Turkey slams U.N. for extending Cyprus peacekeeping force mandate

Turkey’s Foreign Ministry lambasted a decision by the United Nations Security Council (UNSC) to extend the mandate of a peacekeeping force on Cyprus by six months.

“It is against the U.N.’s own rules and principles that the Turkish Cypriot side's consent was not again sought regarding the presence of UNFICYP [the U.N. Peacekeeping Force in Cyprus] on the island,” the ministry said in a statement on Tuesday.

The UNFICYP needs to make a legal arrangement with the Turkish Cypriot authorities regarding its presence on the island, the ministry said.

The ministry also referenced rising tensions between Turkey and Greece and Cyprus over competing claims to hydrocarbon exploration rights in the eastern Mediterranean.

“It is also unfortunate that while calling for cooperation between the two sides on the island, the Council turns a blind eye to the equitable sharing of hydrocarbon resources as one of the cooperation areas,” it said.

Cyprus says that its drilling for hydrocarbons in the waters around the island is backed by international law, citing its exclusive economic zone.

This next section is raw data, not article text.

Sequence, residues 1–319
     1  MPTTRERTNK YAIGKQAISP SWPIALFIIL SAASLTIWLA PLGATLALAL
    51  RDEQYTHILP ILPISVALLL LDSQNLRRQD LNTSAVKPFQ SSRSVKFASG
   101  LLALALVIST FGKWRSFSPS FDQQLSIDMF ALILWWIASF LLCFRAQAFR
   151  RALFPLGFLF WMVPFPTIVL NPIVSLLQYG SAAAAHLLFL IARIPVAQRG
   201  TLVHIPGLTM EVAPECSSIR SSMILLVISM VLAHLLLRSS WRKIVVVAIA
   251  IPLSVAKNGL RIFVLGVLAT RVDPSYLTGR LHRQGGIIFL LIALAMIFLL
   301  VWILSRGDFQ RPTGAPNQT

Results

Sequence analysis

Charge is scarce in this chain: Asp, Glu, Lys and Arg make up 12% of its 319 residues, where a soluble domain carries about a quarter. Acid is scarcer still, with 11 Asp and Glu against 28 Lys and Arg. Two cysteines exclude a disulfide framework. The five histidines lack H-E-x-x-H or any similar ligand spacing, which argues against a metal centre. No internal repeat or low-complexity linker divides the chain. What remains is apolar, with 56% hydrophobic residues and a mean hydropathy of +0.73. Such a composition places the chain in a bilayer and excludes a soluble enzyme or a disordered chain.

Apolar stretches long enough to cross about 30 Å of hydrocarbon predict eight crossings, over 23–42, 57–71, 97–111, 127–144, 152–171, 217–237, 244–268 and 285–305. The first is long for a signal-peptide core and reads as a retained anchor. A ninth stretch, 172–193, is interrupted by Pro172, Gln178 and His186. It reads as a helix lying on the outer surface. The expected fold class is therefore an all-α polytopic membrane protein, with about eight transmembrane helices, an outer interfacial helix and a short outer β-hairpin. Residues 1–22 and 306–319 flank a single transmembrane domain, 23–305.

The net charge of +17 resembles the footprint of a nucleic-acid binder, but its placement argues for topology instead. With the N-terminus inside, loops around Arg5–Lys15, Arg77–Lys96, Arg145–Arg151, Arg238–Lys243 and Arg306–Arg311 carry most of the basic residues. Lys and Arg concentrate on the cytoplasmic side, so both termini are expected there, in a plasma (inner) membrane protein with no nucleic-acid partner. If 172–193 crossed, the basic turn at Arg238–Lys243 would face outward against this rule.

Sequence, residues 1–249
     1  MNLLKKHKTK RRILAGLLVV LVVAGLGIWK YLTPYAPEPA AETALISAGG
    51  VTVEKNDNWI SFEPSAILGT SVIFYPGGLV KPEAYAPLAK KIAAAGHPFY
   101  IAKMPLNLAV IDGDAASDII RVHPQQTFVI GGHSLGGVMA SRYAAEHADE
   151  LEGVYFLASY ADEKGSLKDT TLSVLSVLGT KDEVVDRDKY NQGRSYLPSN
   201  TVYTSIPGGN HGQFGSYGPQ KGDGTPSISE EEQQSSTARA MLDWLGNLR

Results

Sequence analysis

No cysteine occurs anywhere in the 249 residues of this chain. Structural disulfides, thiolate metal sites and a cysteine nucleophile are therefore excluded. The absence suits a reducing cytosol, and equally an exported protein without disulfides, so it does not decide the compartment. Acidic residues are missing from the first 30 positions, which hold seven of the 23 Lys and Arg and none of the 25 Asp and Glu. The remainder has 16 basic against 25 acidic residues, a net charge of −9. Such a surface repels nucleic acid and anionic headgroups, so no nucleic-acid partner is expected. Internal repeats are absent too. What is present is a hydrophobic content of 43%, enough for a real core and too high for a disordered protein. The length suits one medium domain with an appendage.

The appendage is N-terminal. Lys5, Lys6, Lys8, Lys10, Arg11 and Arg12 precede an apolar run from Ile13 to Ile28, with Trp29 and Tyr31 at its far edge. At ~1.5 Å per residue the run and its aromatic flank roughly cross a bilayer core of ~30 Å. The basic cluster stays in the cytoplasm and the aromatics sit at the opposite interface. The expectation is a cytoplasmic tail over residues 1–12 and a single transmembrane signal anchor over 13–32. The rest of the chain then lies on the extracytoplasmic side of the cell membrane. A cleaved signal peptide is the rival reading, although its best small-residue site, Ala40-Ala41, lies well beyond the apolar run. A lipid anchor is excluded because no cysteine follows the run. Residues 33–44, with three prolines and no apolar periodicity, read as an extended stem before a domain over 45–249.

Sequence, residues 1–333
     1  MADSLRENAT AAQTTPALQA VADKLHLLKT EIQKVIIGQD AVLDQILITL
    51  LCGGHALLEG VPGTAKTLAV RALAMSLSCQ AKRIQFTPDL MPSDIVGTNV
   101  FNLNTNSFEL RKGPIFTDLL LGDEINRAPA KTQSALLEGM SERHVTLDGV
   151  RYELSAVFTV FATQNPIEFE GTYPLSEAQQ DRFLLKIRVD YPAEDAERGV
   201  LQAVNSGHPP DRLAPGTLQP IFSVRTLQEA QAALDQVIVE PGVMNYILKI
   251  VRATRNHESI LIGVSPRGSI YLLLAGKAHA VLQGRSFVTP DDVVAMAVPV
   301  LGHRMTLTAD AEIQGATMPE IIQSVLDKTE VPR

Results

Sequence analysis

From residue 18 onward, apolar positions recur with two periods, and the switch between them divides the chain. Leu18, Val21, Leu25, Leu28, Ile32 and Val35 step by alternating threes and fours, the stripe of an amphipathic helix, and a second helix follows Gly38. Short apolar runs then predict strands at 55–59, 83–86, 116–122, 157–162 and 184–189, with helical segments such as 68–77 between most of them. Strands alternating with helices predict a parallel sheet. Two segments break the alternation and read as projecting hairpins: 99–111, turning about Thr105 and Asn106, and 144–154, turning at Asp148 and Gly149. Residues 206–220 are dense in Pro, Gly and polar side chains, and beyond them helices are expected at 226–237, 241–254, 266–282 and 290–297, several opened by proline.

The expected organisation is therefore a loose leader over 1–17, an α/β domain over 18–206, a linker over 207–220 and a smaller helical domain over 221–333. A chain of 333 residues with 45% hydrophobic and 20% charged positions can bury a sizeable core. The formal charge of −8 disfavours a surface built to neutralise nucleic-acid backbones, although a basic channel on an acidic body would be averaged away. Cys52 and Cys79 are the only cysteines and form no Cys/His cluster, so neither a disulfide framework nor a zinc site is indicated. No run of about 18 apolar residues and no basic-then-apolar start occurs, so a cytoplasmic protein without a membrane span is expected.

Ankara claims Cyprus is both impinging on Turkey’s continental shelf and violating the rights of the northern side of the island. 

The U.N.’s peacekeeping force in Cyprus was established by the security council in 1964 to keep the peace between Greek and Turkish Cypriots.

Cyprus has been divided between a Greek Cypriot south, a European Union member, and the Turkish Cypriot north, only recognised by Ankara, since Turkey invaded the northern third of the island in 1974 in response to a Greek Cypriot coup that sought unification with Greece.

The decades since have seen several unsuccessful attempts to resolve the Cyprus dispute. The latest attempt, held in Switzerland with the participation of Turkey, Greece, and Britain, ended in 2017.


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